Of all the menswear garments ever invented, trousers are, let's face it, the least likely to fall into disuse. At the moment, certainly, when it comes to covering up one's legs, men in the Western world simply don't have any choice in the matter. It's bifurbication or nothing at all. While women can now stride or totter at will in either trousers or skirts, men are obliged by an iron-clad social convention to separate their legs or risk taunts of transvestism. The Scottish kilt is apparently the only exception to this rule, and even then it's an exceptional sight on the streets of Glasgow.
Men in skirts are a taboo. And as fashion designers in Milan this week send out menswear collections which will be hitting stores next winter, it's a timely reminder of the conservatism that dominates male dress, both in society at large and on the fashion runways. Many menswear designers are thriving on these limitations. Some will concentrate their creative efforts on quirky printed linings and eccentric colourways. Stealthier types, like Marc Jacobs, seek out ever-more lavish ways to make otherwise ordinary garments (a v-neck sweater, a pair of corduroy trousers) into the epitome of understated luxury by using high-grade cashmere and silk.
But there are a handful of menswear designers who are committed to questioning the very fundamentals of dress. The monopoly of trousers over skirted garments is a provocative challenge to any rigorous mind. Vivienne Westwood, Jean-Paul Gaultier and Giorgio Armani are among those irreverent enough to regularly present male skirts on the catwalk. Far from designing men's pencil skirts or masculine minis, however, they couch their skirted garments in references to Oriental sarongs, kaftans and kimonos. What can appear at first to be a rather forthright challenge to masculinity is then reconfigured as an adventure in free-spirited fashion tourism. From an anecdotal point of view, it seems that more men are happy to slouch around on a tropical beach wearing a sarong than would care to admit it - they can always blame their skirted appearance on too much sun and multiple banana daiquiris.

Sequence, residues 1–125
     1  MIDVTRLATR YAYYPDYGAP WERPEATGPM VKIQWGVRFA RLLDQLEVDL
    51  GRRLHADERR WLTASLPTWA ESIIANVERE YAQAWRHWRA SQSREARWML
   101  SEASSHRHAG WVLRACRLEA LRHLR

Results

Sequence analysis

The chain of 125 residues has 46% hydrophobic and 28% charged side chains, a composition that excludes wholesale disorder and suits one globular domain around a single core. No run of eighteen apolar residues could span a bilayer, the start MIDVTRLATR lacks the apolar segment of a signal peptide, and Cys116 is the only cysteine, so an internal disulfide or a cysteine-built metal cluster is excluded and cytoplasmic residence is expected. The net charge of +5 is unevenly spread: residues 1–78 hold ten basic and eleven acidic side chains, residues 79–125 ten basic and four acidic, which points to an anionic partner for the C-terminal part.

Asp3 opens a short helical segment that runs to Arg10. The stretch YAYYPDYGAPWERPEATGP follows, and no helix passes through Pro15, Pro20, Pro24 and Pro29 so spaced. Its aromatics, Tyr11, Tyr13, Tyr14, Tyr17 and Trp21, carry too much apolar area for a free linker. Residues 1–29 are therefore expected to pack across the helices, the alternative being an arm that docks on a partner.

But the male skirt is not always such a gimmicky proposal, nor one that is so far removed from everyday life. Yohji Yamamoto designed the skirt photographed opposite. He is, of course, one of fashion's most thorough and challenging designers - yet his clothes are rarely so laden with concepts as to preclude normal wear. For his spring/summer 2004 collection, Yamamoto stuck to an almost exclusively skirted silhouette. His preference for monochromes, for elegant understatement and for presenting his clothes on older men and "real" people is well known and, in these respects, for his latest collection he adhered to his own traditions. But his new vision of skirted men did raise a few eyebrows. By the time the last model - an elderly Rastafarian gentleman with a cane, for the record - exited the runway, it became clear that Yamamoto wanted to make a genuine proposal for the male skirt. …